1. In this case, Ali Reza Madadpur claimed that he had no connection whatsoever with the other defendants and that he had gone to the location only two hours prior to his arrest and had no knowledge of the manufacture of drugs there. It was necessary for the prosecutor’s office to ascertain the veracity of this claim, especially since the other defendants had repeatedly confirmed Madadpur’s assertions. The prosecutor’s office, however, did not take the necessary steps in this regard. The investigative official could have easily ascertained the veracity of this claim. Questioning the people who lived in the neighborhood about whether Madadpur had ever been seen before at the location of the crime or not, looking at various cameras in the surrounding areas, such as traffic cameras, shopping centers cameras, houses, etc., in order to find out about Madadpur’s comings and goings to the location where drugs were being manufactured, were among steps the prosecutor’s office could have taken but did not. It was undoubtedly not possible to render an opinion on Madadpur’s claim absent thorough and specific investigations. The prosecutor’s office, however, hastily found the charge against him to be valid and Revolutionary Court Branch Four sentenced Madadpur to death without taking [his claim] into consideration.
  2. In accordance with legal principles, the court’s decision must be based on the evidence, and criminal action must be specified with proof thereof. In his ruling, Judge Farajollahi states Madadpur’s charge as being participation in manufacturing methamphetamine and states the defendant’s clear admission and confession as the basis of such finding, whereas, nowhere in this case has the defendant made any self-incriminating admissions and has denied any participation in manufacturing meth. Furthermore, the statements of the other defendants in the case clearly indicate that Madadpur’s did not participate in manufacturing drugs. The court found the crime as having been properly proven in spite of the lack of evidence.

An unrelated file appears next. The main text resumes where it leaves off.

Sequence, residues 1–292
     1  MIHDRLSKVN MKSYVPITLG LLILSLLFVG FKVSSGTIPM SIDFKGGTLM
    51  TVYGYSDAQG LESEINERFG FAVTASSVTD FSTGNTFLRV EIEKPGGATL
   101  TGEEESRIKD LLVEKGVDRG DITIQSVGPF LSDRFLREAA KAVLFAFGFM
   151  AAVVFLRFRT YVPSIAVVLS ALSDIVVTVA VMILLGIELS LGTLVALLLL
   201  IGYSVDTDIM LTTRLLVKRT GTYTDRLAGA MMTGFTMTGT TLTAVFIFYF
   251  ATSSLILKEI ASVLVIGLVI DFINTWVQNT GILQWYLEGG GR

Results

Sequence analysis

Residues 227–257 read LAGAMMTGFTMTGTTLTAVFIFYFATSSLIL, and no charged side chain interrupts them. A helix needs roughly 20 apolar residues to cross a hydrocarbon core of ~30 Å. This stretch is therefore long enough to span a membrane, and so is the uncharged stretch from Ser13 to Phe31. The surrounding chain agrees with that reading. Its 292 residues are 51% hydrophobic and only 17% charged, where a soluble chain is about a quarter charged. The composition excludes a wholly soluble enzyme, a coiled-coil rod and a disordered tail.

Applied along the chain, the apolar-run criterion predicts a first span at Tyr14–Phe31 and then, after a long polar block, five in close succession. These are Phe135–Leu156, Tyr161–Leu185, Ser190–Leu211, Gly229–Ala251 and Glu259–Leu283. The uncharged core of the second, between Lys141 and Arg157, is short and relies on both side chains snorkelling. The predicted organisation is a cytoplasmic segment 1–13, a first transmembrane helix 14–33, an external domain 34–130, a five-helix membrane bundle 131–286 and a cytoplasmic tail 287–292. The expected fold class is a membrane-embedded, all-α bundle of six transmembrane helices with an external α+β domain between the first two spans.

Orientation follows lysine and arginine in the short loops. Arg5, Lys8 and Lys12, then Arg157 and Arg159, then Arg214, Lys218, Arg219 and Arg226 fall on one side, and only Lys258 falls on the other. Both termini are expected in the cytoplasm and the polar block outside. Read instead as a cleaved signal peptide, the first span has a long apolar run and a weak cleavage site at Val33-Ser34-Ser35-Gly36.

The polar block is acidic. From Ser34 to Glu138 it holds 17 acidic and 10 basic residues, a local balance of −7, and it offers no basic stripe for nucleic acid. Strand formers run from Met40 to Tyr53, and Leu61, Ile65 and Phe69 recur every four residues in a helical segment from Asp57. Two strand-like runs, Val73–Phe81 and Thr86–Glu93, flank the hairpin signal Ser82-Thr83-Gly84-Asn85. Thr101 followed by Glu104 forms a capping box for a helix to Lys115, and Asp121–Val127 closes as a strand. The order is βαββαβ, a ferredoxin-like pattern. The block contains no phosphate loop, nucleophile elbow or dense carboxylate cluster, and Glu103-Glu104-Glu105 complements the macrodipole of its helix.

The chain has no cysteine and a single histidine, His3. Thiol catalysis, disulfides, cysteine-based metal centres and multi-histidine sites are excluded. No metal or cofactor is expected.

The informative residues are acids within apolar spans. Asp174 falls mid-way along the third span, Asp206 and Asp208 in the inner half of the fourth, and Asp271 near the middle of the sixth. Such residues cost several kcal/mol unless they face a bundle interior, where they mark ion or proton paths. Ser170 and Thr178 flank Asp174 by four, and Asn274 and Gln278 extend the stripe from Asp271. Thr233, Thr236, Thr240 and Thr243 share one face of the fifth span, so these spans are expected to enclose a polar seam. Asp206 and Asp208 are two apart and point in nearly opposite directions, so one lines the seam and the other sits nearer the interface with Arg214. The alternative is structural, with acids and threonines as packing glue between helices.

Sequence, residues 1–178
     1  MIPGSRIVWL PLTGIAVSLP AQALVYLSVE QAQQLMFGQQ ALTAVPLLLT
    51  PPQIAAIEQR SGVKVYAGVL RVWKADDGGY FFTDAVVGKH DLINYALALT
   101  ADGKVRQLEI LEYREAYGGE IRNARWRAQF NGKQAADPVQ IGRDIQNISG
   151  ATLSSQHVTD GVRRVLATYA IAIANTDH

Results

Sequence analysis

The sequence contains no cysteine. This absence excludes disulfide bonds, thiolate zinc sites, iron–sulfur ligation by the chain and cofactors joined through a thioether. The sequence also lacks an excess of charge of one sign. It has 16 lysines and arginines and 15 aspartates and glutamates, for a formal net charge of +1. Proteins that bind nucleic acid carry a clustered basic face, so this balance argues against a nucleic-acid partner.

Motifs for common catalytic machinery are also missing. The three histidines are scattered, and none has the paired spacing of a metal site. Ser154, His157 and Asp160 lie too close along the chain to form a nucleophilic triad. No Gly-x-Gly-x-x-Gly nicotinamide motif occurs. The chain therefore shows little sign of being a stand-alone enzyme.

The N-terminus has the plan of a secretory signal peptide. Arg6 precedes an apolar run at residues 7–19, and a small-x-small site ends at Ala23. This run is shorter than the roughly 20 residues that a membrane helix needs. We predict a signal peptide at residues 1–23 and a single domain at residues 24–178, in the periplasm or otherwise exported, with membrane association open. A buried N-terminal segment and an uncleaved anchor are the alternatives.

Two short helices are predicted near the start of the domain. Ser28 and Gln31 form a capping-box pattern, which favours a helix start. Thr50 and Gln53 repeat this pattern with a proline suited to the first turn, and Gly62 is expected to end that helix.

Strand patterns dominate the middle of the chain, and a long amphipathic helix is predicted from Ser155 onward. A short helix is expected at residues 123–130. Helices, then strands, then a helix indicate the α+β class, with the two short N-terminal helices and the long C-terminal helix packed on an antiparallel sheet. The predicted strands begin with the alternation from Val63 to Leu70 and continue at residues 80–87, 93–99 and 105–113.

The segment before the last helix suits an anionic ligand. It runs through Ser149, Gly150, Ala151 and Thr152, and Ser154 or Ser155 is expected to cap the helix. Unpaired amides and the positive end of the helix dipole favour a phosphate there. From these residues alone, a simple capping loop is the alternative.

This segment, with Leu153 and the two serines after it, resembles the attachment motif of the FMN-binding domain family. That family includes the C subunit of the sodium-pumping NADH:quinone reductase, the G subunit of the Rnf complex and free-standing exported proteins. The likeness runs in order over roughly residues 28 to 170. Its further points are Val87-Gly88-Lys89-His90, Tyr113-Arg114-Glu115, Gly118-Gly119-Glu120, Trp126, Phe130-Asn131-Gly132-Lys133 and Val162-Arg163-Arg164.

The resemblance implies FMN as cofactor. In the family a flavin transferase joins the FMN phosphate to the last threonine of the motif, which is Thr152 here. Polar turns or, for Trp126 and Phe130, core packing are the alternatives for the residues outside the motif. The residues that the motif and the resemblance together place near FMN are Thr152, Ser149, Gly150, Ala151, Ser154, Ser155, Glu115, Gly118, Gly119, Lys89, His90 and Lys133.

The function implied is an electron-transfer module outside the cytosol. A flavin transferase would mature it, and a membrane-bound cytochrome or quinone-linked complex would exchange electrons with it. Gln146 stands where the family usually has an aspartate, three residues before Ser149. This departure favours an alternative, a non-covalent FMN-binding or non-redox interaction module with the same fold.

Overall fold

3. According to Iranian law, including the Islamic Penal Code and the Rules of Criminal Procedure, admissions and confessions have legal validity only if made before the ruling judge. In other words, even though admissions to [individuals] other than the judge are considered a type of evidence, if such admission is to be the basis of issuing a decision, however, the ruling judge must personally hear said admission. Therefore, admissions obtained by law enforcement and/or the investigating judge cannot be the basis of the judge’s decision. Information obtained in the present case indicates that Ali Reza Madadpur made absolutely no self-incriminating admissions or confessions before the trial judge. This can be ascertained from the text of the court decision itself. In his decision, the Revolutionary Court Branch Four judge expressly states that the defendants had accepted the charges of manufacturing and possession of drugs in the preliminary stages. This means that even if an admission were made, it was in the preliminary investigations stage, not in court and before the trial judge. The judge makes the defendants’ confession the basis of his ruling in spite of this and contrary to the law. In other words, the court decision itself admits to being illegal.